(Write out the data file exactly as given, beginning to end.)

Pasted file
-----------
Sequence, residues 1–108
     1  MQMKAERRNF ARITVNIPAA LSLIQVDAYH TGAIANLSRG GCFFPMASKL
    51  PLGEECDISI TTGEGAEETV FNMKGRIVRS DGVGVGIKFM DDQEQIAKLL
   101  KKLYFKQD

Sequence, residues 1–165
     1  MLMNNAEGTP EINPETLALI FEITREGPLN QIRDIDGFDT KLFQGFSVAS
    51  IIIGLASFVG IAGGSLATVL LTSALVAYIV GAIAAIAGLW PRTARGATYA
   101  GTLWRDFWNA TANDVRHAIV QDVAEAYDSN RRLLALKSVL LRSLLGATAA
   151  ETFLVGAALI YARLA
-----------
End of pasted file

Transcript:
Sequence, residues 1–108
     1  MQMKAERRNF ARITVNIPAA LSLIQVDAYH TGAIANLSRG GCFFPMASKL
    51  PLGEECDISI TTGEGAEETV FNMKGRIVRS DGVGVGIKFM DDQEQIAKLL
   101  KKLYFKQD

Sequence, residues 1–165
     1  MLMNNAEGTP EINPETLALI FEITREGPLN QIRDIDGFDT KLFQGFSVAS
    51  IIIGLASFVG IAGGSLATVL LTSALVAYIV GAIAAIAGLW PRTARGATYA
   101  GTLWRDFWNA TANDVRHAIV QDVAEAYDSN RRLLALKSVL LRSLLGATAA
   151  ETFLVGAALI YARLA